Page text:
Digital Fabrication & Architectural Geometry
The objective of this research is to investigate mathematical concepts, robust algorithms, scalable geometric optimization techniques, and flexible data structures to form a computational toolset for architectural design/construction and digital fabrication.
"With the use of digital technologies, the design information is the construction information. (...) It is the digitally-based convergence of representation and production processes that represents the most important opportunity for a profound transformation of the profession..."
Architecture in the digital age: Design and Manufacturing - Branko Kolarevic
Recent advances in construction and material technology have enabled the use of freeform surfaces as striking elements in contemporary architecture. Today’s Computer Aided Design software provides intuitive interfaces for the design of arbitrarily complex freeform surfaces. The construction of freeform surfaces, however, requires a segmentation of the surface into many small pieces that are then separately manufactured and mounted onto a support structure. Despite its high practical relevance for freeform architecture, this rationalization process remains a challenging problem with many fundamental questions still unsolved.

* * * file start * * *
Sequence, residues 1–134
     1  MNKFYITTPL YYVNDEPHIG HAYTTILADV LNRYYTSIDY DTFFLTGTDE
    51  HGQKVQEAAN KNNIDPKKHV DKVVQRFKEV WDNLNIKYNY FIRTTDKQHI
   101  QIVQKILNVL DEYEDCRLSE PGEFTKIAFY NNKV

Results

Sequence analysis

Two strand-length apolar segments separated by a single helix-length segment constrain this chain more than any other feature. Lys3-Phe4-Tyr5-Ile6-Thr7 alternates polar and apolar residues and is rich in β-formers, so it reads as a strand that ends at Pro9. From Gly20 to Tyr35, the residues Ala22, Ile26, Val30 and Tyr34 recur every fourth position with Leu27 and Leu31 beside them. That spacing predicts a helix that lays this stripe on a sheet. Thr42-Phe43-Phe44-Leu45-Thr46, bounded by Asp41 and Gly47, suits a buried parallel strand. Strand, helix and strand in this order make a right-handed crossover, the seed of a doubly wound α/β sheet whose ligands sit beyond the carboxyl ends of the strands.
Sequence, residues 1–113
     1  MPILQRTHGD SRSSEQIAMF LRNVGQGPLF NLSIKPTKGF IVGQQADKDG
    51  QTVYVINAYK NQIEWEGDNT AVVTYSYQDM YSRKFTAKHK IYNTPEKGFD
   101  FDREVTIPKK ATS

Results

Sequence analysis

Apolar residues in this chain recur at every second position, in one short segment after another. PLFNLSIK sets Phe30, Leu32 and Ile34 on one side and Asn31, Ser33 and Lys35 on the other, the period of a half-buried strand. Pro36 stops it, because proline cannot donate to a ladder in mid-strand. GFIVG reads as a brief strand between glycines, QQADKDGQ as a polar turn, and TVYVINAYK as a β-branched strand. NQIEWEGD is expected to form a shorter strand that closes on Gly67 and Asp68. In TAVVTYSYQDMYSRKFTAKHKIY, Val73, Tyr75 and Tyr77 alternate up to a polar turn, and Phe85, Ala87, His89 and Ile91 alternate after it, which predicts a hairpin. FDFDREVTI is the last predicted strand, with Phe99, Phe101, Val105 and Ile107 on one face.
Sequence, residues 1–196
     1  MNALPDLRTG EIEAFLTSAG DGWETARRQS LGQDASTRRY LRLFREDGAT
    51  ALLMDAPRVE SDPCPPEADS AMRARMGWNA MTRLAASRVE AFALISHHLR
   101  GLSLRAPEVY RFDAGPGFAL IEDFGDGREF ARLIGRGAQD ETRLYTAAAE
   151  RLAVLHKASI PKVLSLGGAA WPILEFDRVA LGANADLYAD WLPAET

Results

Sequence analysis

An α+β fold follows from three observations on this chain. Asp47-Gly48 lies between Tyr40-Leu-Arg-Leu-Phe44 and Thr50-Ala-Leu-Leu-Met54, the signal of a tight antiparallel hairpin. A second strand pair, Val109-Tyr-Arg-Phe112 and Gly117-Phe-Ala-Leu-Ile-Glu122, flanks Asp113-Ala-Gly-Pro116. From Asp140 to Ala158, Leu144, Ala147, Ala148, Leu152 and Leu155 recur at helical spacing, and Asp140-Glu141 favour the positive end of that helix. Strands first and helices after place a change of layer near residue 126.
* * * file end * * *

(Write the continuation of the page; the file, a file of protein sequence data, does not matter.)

A similar challenge comes from digital fabrication, i.e., the fabrication process using machines controlled by computers, such as 3D printing, laser cutting, and CNC machining. Such fabrication techniques provide great flexibility to realize complicated shapes, but their limitations also induce geometric constraints for the target shapes that can be fabricated. Such fabrication-related constraints need to be taken into account during the geometric design process, to ensure the designed shapes can be effectively realized by digital fabrication.
The objective of this research is to investigate mathematical concepts, robust algorithms, scalable geometric optimization techniques, and flexible data structures to form a comprehensive toolset for constructive variational freeform surface design, as well as for effective realization of complex 3D shapes using digital fabrication. The goal is to enable the design of complex freeform shapes with immediate feedback on its fabrication complexity. We investigate new complexity reduction techniques to enable interactive, construction-aware design that bridges the gap between design and production.